In November 2015, the FASB issued new guidance that will require all deferred tax assets and liabilities to be classified as noncurrent on our balance sheet. The new guidance will become effective for us beginning fiscal 2018, although we may voluntarily adopt the new guidance prior to that fiscal year. We have not yet determined the period in which we will adopt the new guidance.

On February 25, 2016, the FASB issued new guidance on accounting for leases. The new guidance will become effective for us beginning fiscal 2020, although voluntary adoption during an earlier period will be permitted. We are currently evaluating the potential impact of the new guidance on our financial statements.

2.    Inventories 
We use the last-in, first-out (LIFO) method to determine the cost of most of our inventories. If the LIFO method had not been used, inventories at current cost would have been $234 million higher than reported as of April 30, 2015, and $248 million higher than reported as of January 31, 2016. Changes in the LIFO valuation reserve for interim periods are based on a proportionate allocation of the estimated change for the entire fiscal year.

3.    Income Taxes
Our consolidated interim effective tax rate is based upon our expected annual operating income, statutory tax rates, and income tax laws in the various jurisdictions in which we operate. Significant or unusual items, including adjustments to accruals for tax uncertainties, are recognized in the quarter in which the related event occurs. The effective tax rate of 29.5% for the nine months ended January 31, 2016, is based on an expected tax rate of 29.6% on ordinary income for the full fiscal year, as adjusted for the recognition of a net tax benefit related to discrete items arising during the period and interest on previously provided tax contingencies. Our expected tax rate includes current fiscal year additions for existing tax contingency items.

7



4.    Earnings Per Share 
We calculate basic earnings per share by dividing net income available to common stockholders by the weighted average number of common shares outstanding during the period. Diluted earnings per share further includes the dilutive effect of stock-based compensation awards, including stock options, stock-settled stock appreciation rights, restricted stock units, deferred stock units, and shares of restricted stock. We calculate that dilutive effect using the “treasury stock method” (as defined by GAAP).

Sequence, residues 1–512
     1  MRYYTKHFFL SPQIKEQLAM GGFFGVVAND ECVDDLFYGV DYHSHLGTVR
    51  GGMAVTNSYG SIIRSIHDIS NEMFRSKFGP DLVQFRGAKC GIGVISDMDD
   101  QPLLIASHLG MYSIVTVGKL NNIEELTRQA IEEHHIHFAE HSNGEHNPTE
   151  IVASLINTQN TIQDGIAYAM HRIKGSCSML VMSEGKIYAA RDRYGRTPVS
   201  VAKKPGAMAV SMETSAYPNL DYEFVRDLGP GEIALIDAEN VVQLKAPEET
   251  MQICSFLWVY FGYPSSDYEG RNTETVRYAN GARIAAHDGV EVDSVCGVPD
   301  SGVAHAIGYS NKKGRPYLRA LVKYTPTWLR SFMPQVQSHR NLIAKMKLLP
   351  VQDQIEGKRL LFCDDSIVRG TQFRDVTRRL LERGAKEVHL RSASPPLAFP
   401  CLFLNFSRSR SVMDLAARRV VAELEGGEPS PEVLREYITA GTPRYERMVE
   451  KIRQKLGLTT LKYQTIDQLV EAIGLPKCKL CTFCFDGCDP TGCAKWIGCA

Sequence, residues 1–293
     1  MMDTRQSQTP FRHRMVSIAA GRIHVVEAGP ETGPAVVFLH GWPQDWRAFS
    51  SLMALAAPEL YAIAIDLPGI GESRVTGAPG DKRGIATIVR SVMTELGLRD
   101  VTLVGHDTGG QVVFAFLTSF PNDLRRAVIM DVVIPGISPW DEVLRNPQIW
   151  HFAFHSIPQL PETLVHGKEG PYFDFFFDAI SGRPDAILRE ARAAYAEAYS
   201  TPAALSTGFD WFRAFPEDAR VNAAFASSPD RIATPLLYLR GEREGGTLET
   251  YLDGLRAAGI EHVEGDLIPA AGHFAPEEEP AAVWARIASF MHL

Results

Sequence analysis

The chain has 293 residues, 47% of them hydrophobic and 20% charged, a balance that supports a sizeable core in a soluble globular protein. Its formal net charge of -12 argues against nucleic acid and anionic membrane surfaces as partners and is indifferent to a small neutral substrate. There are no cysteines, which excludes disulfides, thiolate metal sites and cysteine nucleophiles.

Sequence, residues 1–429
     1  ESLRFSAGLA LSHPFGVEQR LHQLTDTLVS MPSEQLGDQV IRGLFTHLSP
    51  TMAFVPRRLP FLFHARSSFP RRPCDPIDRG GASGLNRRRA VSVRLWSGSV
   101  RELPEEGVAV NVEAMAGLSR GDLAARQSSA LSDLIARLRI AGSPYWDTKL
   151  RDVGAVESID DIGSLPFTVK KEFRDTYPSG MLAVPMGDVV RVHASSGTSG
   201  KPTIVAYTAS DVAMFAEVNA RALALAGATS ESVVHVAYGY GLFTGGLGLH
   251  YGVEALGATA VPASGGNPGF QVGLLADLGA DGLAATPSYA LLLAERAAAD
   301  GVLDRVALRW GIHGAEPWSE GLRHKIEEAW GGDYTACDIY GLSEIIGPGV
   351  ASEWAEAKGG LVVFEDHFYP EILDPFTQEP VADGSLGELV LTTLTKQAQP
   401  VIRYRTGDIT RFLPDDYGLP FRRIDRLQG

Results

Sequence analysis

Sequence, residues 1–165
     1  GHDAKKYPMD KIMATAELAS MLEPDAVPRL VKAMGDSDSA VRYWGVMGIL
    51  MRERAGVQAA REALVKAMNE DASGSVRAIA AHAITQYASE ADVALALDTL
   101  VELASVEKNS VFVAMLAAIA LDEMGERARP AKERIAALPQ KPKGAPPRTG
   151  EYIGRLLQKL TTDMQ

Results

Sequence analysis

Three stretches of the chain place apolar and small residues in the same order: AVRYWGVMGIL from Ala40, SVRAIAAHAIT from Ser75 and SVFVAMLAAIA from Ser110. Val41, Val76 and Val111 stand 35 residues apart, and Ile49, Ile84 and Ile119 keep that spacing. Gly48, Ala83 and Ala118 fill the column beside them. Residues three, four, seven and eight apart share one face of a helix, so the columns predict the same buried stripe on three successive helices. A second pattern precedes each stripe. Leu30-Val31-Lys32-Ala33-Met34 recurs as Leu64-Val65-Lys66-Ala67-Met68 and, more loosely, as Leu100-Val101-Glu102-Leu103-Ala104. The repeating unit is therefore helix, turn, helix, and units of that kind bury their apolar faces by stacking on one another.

The following table presents information concerning basic and diluted earnings per share:
 
Three Months Ended
 
Nine Months Ended
 
January 31,
 
January 31,
(Dollars in millions, except per share amounts)
2015
 
2016
 
2015
 
2016
Net income available to common stockholders
$
186

 
$
190

 
$
543

 
$
545

Share data (in thousands):
 
 
 
 
 
 
 
Basic average common shares outstanding
211,126

 
201,182

 
212,189

 
204,242

Dilutive effect of stock-based awards
1,480

 
1,208

 
1,512

 
1,334

Diluted average common shares outstanding
212,606

 
202,390

 
213,701

 
205,576

 
 
 
 
 
 
 
 
Basic earnings per share
$
0.88

 
$
0.94

 
$
2.56

 
$
2.67

Diluted earnings per share
$
0.87

 
$
0.94

 
$
2.54

 
$
2.65


We excluded common stock-based awards for approximately 359,000 shares and 375,000 shares from the calculation of diluted earnings per share for the three months ended January 31, 2015 and 2016, respectively. We excluded common stock-based awards for approximately 363,000 shares and 478,000 shares from the calculation of diluted earnings per share for the nine months ended January 31, 2015 and 2016, respectively. We excluded those awards because they were not dilutive for those periods under the treasury stock method.